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This Is How Blue Apron's CEO Shares Leadership Responsibilities

May 08, 2016 00:00 AM UTC
- Updated April 28, 2020 21:06 PM UTC

Too many cooks in the kitchen isn’t always a bad thing.

Transcript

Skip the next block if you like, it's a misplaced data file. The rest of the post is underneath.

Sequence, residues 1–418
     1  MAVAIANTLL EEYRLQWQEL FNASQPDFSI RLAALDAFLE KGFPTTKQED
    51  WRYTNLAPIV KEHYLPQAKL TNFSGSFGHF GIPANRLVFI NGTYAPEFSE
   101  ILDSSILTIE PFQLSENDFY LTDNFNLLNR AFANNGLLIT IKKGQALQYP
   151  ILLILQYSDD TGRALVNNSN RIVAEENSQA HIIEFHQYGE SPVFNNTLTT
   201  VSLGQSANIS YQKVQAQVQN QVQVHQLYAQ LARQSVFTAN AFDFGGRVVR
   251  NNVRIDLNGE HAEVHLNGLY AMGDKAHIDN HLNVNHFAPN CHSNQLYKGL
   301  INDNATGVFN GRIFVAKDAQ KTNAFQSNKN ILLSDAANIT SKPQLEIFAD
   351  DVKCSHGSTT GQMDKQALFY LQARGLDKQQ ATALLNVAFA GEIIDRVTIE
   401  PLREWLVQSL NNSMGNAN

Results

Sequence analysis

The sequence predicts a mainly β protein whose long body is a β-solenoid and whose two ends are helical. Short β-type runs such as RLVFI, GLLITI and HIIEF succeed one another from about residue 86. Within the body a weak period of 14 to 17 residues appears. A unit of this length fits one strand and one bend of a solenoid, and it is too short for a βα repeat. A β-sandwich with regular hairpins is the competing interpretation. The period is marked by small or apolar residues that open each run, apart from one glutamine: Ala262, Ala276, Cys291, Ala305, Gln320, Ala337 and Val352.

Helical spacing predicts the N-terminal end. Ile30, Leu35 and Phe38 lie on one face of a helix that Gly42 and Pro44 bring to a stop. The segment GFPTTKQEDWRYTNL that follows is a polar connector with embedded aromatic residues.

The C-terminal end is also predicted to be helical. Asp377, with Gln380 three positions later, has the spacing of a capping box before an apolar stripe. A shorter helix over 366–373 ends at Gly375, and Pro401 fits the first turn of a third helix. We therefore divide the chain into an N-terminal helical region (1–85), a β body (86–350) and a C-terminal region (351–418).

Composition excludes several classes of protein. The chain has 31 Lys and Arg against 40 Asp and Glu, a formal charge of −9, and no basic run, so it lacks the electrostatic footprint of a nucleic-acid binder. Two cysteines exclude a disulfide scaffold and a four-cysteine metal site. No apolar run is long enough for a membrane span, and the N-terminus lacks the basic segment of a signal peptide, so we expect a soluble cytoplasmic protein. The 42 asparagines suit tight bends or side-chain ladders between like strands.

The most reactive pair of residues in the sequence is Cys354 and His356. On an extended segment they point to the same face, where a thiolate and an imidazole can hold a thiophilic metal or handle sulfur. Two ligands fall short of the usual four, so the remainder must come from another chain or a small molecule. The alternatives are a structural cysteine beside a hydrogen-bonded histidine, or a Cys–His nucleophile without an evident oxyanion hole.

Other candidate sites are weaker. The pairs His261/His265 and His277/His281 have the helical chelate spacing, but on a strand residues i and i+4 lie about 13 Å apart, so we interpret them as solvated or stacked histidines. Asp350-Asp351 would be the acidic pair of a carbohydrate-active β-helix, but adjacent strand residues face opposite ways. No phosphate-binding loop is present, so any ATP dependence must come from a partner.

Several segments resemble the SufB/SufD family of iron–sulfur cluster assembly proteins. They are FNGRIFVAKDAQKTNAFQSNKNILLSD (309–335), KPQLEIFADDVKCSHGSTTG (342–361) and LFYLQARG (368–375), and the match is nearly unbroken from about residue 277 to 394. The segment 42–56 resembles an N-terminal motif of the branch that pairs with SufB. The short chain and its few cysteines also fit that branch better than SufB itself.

Matt, you're young. You're a young CEO. You're a new leader. How would you describe your leadership style? Yeah, well I think my leadership style has been evolving a lot over the course of the company, I got to be honest. Because when you're a two-three-person organization, at the very early days of the company your leadership style needs to be different than when you're the CEO of a business with 3,600 people, which is what I am today. And so I think at the very earliest days of the company, I was a really bad micromanager because I did literally everything myself. I was packing boxes myself. Me and my co-founders are doing all the marketing. I did a 100% of our customer service myself from day one. And then over time as you grow, you bring in more experienced people. And now the kind of leader that I'm working towards becoming is one who can really help set strategy, helps that vision, help set the tone for the organization, and attract great people who can really execute on that. There are three co-founders. You are the CEO. I mean one would say there's too many cooks in the kitchen. Actually I would say the opposite. And in the early days, it was extraordinarily helpful. And today it's still extraordinarily helpful for me to have co-founders because we have very different areas of expertise. So my background was on finance, on business, on marketing, on strategy. I have one co-founder whose background is an engineer. And so he manages all of our web systems, our engineering, our development, our IT, our product management. And I have another co-founders background. He was a chef his whole career. And so it was actually a very natural fit. A lot of young founders actually start businesses with people who look exactly like themselves. Like two people will come out of business school. Three who will come out of business school. They're best friends their whole lives. They have the exact same resume. They start a company together. In those cases, I think you often have too many cooks in the kitchen. But you are the boss. You are the top chef so to speak. What's the hardest part about being the boss, being the leader? In the early days of the business, all the things I spent my day to day time on were things like how to optimize our outbound shipping logistics. And now there are people who are in charge of all those things and I'm still involved in them. But a lot of the work becomes making sure your teams are working well together across the company, setting the culture of the company, and setting that high level vision like I said that other people are now executing on those more specific business problems. Do you have a role model of somebody that you admire as a leader? And probably the most important role model my life is my father. He was a business person his whole career. He ran an organization, a big partnership. And it's really, really important to be a good listener in a partnership, and to treat people with respect, and just to have really sound and reliable judgment in those circumstances. And I think seeing that really influenced my style a lot. And I would describe myself as not a dictatorial CEO as somebody who has good judgment, who can help push things in the right direction but really cares about listening and learning. And I think that that's something that I really learned a lot from him.